Noisy riffs and delicate disco combine at Zig-Zag Rolling With… gig
London Astoria G.A.Y. Club
Great songs are all very well. But sometimes that just ain't enough...
'Black Coffee' and 'Pure Shores', both of which they perform tonight, are by far the strongest tracks from the William Orbit-saturated new album 'Saints & Sinners' - and album which flows over you so smoothly that sometimes you don't notice you're even listening to it. The same can be said of the girls' performance tonight: these girls are the anti-Halliwells, girls for straight boys, and sometimes you can't rest on being beautiful to carry a show through.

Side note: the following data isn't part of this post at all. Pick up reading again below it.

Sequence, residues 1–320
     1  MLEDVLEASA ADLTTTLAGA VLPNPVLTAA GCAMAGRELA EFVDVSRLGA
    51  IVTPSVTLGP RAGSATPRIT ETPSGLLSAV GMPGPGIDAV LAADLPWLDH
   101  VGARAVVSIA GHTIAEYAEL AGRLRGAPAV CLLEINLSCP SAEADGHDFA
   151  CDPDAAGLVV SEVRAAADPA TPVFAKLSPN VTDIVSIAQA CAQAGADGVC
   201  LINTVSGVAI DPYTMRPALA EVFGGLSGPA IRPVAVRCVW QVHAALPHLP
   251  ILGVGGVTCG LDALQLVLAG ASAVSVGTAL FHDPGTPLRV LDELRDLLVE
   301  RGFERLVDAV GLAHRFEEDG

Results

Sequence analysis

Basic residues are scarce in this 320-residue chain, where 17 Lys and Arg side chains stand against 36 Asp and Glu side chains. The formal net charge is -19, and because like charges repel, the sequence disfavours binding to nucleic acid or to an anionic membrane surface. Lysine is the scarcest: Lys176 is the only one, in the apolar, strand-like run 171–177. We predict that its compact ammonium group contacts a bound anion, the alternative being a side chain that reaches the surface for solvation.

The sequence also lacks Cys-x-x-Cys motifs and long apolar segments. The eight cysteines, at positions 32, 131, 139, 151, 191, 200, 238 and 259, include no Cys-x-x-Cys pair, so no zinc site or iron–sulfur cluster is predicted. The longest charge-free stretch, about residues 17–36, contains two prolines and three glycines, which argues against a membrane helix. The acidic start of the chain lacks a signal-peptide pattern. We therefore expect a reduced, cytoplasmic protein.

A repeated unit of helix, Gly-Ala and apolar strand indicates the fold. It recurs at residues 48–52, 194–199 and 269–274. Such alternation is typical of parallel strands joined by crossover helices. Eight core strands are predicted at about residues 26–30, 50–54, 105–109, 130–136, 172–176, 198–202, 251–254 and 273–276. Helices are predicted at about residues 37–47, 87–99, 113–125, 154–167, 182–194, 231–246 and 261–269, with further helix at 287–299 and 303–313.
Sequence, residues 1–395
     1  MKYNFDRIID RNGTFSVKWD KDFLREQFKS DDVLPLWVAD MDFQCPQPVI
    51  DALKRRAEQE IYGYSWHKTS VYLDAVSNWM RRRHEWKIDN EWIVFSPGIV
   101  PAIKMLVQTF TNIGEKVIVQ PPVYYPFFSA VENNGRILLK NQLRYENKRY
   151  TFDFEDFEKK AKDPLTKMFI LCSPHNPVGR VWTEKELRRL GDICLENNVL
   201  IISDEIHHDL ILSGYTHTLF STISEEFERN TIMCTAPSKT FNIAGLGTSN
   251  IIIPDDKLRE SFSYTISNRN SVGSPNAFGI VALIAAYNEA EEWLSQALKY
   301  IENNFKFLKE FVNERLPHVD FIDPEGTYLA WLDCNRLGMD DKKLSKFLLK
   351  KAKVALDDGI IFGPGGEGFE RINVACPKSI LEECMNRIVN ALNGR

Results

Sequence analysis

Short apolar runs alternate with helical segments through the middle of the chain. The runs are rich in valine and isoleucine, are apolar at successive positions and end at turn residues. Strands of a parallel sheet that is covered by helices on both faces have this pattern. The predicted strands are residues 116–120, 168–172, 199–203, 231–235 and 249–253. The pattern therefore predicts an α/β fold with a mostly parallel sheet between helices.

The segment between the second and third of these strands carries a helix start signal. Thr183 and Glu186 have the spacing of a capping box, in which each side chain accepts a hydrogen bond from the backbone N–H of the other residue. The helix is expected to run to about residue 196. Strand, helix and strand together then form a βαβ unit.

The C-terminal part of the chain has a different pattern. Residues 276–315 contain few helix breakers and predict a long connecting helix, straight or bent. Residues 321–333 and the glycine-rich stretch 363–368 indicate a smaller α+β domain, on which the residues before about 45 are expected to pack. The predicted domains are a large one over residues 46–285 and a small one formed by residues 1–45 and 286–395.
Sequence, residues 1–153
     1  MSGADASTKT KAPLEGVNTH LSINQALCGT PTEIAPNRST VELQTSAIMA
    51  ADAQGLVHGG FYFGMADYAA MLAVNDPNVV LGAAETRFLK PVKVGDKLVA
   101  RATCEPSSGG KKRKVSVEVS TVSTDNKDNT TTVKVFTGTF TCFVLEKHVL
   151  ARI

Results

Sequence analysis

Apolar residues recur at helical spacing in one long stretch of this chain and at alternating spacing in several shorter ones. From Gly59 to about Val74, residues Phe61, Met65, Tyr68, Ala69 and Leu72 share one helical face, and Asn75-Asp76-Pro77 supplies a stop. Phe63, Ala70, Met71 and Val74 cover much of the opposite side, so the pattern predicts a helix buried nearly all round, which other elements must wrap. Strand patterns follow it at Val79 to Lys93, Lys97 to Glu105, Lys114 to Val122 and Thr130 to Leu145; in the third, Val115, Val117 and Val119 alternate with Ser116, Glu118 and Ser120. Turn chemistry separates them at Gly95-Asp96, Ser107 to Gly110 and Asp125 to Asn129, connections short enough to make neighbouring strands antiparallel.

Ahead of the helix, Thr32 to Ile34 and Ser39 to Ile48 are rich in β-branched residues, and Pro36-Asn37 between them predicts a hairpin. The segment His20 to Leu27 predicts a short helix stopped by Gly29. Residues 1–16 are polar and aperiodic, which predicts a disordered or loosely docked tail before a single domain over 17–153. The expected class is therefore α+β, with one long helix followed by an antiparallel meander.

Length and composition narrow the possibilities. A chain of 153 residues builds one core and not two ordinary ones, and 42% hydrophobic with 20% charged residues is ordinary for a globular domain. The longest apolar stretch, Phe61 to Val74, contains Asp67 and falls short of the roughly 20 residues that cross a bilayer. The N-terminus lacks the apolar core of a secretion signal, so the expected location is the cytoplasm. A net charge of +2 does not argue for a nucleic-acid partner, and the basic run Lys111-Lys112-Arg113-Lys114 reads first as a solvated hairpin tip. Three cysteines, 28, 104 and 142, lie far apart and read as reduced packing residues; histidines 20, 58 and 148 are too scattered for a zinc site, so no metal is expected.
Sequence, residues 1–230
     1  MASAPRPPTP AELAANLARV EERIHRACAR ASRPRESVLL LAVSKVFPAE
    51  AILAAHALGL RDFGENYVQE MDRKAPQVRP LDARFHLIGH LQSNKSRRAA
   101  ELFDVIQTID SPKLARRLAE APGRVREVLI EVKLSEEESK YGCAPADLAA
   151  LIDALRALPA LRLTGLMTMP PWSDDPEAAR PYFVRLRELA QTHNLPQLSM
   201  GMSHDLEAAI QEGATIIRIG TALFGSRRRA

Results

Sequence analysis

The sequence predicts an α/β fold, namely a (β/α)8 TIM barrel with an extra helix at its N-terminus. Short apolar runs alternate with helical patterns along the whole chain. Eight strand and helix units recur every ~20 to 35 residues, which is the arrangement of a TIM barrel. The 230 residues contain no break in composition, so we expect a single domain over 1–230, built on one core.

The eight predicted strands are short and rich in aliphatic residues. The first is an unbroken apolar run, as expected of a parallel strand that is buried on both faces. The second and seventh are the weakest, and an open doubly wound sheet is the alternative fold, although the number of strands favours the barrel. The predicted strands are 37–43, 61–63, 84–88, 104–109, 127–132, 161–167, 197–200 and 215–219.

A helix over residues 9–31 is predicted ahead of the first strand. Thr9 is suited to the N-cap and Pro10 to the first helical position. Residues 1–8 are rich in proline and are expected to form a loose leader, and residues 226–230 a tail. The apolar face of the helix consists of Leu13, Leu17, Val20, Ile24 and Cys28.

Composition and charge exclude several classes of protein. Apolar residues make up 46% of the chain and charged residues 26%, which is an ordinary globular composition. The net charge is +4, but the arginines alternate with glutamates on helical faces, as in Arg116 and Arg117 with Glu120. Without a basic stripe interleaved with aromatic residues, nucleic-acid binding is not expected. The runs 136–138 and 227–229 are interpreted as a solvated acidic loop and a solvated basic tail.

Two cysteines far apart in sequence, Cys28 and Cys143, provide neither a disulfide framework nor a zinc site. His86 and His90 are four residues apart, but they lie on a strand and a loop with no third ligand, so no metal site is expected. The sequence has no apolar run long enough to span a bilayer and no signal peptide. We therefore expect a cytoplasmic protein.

Gay boys - or, at least, G.A.Y. boys - want a show with bells on. They also require a bit of interaction with their divas. Shaznay, bless her, has lost her voice, but still she manages to engage her fans, handing down the mic to one of the crowd so that he can rap for her. She actually looks as though she acknowledges an audience is here - Nat, on the other hand, hides behind her wraparound glasses for the entire performance, whilst Appleton 2 and Blatt (she hasn't left, don't worry) slop around the stage in their usual sassy don't-give-a-shit style. But is it style at all, or laziness?
G.A.Y. gigs are not as other gigs. Booty shaking is compulsory, not optional. Being cool is all very well; great songs are all very well. But sometimes that just ain't enough. Perhaps a few lessons in audience awareness might do the trick.
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